Families of missing children call for new laws, and a little more compassion
“Time stopped on that day of April 4, 2000. We’re trapped in this prison. This is my island and I’m trapped.”
It was around 6 p.m. on April 4, 2000, when Choi Yong-jin got a phone call from his wife telling him that their six-year-old daughter Jun-won had not returned home. Jun-won, like on many other occasions and as was normal for children during those times, had met up with friends at a nearby playground in the afternoon on her way home from kindergarten.
“She usually went to and from the house to the playground, but her mother told me that something wasn’t right,” said Choi. At the time Choi was working in another region and only came home on the weekends.
“Jun-won’s mother called me again at 8 p.m. to tell me that she couldn’t find her anywhere. I came straight home. It was around 10 p.m. and we reported it to the police,” he said.
The playground, where Jun-won was last seen playing at around 4 p.m., was a mere 50-meters (98.43 feet) from the apartment complex where she lived, in Sangbong neighborhood in eastern Seoul. Jun-won’s parents searched all over the neighborhood, even the nearby mountainside, until dawn.
“And this is how long it’s gone. We told ourselves that we’ll find her, that we’ll find her. But it’s gone on this long,” said Choi.
Jun-won’s disappearance has affected the family in more ways than anyone could have imagined — basically tearing the members apart. Choi and his wife have separated and the youngest of the two other daughters, Jun-hyun, had to live with her grandparents. Choi ended up quitting his job because he needed to travel at a moment's notice whenever he got a phone call from people saying they’d seen Jun-won or had news about her. Some days, he would fill his bag with leaflets with pictures of Jun-won and spend hours, even days, handing them out to strangers on the streets.
“People would call to tell me they’ve seen a girl that looked just like my Jun-won, and once I was shocked to see a girl that looked so much like her that I wanted to carry out a DNA test,” he said. “Then there are people who call us up for pranks. They say things like they have my daughter, that they want money or just say anything and then hang up. I would wander around the country handing out leaflets and it distanced me from the rest of the family. We couldn’t talk about it so we just fell into our own guilt and cut each other out. Most families with a missing child are like this.”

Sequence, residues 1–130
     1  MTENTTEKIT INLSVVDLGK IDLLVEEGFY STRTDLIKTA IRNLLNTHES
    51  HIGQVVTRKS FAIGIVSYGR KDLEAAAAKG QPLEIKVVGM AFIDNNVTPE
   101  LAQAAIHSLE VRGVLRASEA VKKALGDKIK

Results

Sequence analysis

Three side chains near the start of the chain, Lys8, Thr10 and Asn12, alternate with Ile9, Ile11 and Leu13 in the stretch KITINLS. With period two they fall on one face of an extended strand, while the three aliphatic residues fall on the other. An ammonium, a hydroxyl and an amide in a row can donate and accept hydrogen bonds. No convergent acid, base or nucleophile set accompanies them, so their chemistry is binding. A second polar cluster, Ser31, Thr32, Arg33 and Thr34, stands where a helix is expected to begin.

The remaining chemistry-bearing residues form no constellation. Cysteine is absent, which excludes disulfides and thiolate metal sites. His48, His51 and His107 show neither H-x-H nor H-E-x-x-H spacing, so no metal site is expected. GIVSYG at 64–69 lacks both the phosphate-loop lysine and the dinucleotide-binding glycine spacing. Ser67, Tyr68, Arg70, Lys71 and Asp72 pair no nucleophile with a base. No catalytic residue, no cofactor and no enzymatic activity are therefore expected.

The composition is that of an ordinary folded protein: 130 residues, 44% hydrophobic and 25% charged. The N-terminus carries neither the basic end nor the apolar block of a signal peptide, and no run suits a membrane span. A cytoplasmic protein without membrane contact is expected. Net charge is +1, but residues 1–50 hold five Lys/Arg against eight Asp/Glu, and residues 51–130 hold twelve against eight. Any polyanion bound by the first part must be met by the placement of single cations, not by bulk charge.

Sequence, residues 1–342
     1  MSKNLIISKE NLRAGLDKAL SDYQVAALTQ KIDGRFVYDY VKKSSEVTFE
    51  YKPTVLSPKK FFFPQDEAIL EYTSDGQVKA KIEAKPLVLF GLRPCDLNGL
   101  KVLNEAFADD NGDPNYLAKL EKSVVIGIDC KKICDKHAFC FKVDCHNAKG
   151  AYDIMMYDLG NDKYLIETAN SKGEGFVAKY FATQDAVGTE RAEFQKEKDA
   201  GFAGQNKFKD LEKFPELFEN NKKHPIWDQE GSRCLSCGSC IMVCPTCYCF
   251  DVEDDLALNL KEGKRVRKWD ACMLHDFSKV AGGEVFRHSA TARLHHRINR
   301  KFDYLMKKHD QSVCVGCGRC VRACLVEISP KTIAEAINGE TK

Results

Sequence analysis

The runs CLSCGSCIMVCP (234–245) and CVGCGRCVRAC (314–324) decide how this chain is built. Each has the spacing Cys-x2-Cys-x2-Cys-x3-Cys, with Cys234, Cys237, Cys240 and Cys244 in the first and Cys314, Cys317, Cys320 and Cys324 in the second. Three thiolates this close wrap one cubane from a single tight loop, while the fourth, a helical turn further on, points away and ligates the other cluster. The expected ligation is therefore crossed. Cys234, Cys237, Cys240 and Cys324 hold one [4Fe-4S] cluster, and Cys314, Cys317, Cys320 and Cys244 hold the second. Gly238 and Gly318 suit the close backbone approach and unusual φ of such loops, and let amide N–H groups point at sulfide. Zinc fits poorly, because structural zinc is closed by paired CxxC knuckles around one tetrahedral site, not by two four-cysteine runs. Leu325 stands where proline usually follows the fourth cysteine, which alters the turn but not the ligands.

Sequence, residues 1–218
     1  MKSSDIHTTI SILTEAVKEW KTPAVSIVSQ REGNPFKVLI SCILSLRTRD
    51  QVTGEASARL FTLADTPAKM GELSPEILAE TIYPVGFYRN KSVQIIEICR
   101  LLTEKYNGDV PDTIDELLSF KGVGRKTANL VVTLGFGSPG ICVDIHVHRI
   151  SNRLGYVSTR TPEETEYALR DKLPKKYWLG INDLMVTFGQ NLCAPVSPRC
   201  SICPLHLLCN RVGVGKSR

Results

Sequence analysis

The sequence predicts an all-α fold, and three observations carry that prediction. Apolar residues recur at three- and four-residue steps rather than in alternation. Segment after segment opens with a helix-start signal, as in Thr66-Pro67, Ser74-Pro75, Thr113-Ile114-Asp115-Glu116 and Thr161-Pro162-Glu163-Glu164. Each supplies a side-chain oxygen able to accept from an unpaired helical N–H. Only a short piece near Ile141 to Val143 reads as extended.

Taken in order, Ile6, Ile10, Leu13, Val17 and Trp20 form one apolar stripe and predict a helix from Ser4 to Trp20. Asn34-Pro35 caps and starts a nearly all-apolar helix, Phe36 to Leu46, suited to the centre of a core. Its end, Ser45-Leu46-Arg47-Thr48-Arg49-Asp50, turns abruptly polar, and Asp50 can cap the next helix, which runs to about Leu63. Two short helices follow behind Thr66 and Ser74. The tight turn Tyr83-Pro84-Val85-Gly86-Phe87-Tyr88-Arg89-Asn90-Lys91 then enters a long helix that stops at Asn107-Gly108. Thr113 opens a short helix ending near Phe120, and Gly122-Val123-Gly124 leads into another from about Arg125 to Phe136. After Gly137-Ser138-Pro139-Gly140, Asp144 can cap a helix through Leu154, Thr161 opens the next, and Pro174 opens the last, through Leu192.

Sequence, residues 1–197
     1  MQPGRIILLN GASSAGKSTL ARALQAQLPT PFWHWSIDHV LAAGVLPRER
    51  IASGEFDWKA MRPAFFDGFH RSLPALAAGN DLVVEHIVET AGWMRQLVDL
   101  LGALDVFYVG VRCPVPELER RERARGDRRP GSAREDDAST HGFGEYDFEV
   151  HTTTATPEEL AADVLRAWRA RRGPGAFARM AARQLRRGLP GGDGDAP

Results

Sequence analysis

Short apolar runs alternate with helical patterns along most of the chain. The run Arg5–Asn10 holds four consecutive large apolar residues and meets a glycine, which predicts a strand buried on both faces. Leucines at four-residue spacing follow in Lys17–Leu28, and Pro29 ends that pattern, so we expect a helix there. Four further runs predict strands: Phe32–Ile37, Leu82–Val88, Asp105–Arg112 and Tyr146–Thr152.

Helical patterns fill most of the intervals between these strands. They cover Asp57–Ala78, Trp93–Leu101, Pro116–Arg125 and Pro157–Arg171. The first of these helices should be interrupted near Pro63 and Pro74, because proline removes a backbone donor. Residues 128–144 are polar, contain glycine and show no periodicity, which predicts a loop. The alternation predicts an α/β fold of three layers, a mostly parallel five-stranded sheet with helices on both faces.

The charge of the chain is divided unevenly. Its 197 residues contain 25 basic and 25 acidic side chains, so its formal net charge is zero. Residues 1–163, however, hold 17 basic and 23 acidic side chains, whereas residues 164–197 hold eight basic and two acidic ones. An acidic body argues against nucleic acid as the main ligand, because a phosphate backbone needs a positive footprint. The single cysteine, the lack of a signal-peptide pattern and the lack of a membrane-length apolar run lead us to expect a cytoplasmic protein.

Guilt, said Jun-hyun, the youngest of the family who was less than a year old when her sister went missing, is perhaps Choi’s biggest motive for searching so hard for Jun-won to this day. She learned about her older missing sister from details she gathered growing up, never hearing the full story, but she said she blames no one — just wishes that her father would turn his energy to his other family members who are here now.
“He doesn’t take much care of us now, but he didn’t in the past either,” she said. “I can see that he’s trying more because of his guilt. But I wish he would turn his attention to us. I’ve told him this, and he says he’ll change, even though he doesn’t. But I don’t blame anyone. I’ve just grown up thinking that I should become stronger.”
Still in his search for his daughter and penance, Choi came across other families of missing children in his search for Jun-won and established the National Missing Family Finding Association in 2000, for which he acted as president. He said his first words to every new parent he met was, “I know you want to die. But let’s die after we’ve found our children.”
“There were often times when a parent suddenly didn’t show up to meetings because they had ended their lives,” he said. “It’s impossible for us to find our children on our own. The system needs to be changed and amended and the law has a lot of things that need to be fixed.”
Jun-won is one of 661 children in Korea who have been classified as long-term missing children as of April 2020. Of that number, 638 children have been missing for over five years according to the Korean National Police Agency. A child is classified as missing long-term when the time they have been disappeared since surpasses 48 hours since the first report.
In the search for missing persons, the first 12 hours, referred to as the "golden time," are crucial. As each minute passes the perimeter of their possible path increases, while evidence gets lost or destroyed over time and people's memories start to fade.
According to police, the probability of finding a child within 12 hours is 98 percent, but that drastically drops to 1.3 percent after 48 hours. The National Activist Headquarters for Finding Missing Children said that when it comes to missing children, the golden time is a mere three hours.
The number of missing children’s cases reported to the police was 19,146 in 2020, of which 105 remain missing as of Dec. 31.
As of the end of last year, nine children remain missing from the 21,551 cases reported in 2019, six from the 21,980 in 2018 and three from the 19,956 in 2017.
But it wasn’t until 2005 that there was even a law to specifically deal with finding missing children and supporting families with missing members.
Before the Act on the Protection and Support of Missing Children was established in 2005, many children were classified as having ran away from home if they were aged over 8, or lost if they were aged under 8.
“It took the police exactly two full days after my daughter went missing to begin an investigation, but you can literally go to anywhere in the world in two days,” Seo Gi-won, the president of the Finding a Missing Child Association of Korea. His daughter Hee-young went missing in 1994 at the age of 10 from Namwon, North Jeolla. Like Jun-won, she was last seen playing at a playground no more than 50 meters away from her home. Seo has been sitting as the president of the association since 2008, which has 350 family members with missing children.